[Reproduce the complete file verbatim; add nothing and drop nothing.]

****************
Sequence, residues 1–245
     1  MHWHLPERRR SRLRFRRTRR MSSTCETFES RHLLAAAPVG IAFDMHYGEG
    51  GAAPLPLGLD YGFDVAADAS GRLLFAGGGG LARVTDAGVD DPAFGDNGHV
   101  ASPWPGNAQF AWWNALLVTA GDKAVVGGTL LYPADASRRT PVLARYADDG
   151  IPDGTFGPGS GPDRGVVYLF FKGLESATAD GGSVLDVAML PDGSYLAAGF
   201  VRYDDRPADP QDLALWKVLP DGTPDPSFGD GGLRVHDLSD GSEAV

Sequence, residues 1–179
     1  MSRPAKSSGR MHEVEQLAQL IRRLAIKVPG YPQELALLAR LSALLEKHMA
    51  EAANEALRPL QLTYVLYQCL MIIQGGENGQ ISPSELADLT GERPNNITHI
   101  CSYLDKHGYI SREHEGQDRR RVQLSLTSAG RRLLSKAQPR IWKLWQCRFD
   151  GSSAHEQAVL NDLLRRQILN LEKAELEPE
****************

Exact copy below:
Sequence, residues 1–245
     1  MHWHLPERRR SRLRFRRTRR MSSTCETFES RHLLAAAPVG IAFDMHYGEG
    51  GAAPLPLGLD YGFDVAADAS GRLLFAGGGG LARVTDAGVD DPAFGDNGHV
   101  ASPWPGNAQF AWWNALLVTA GDKAVVGGTL LYPADASRRT PVLARYADDG
   151  IPDGTFGPGS GPDRGVVYLF FKGLESATAD GGSVLDVAML PDGSYLAAGF
   201  VRYDDRPADP QDLALWKVLP DGTPDPSFGD GGLRVHDLSD GSEAV

Sequence, residues 1–179
     1  MSRPAKSSGR MHEVEQLAQL IRRLAIKVPG YPQELALLAR LSALLEKHMA
    51  EAANEALRPL QLTYVLYQCL MIIQGGENGQ ISPSELADLT GERPNNITHI
   101  CSYLDKHGYI SREHEGQDRR RVQLSLTSAG RRLLSKAQPR IWKLWQCRFD
   151  GSSAHEQAVL NDLLRRQILN LEKAELEPE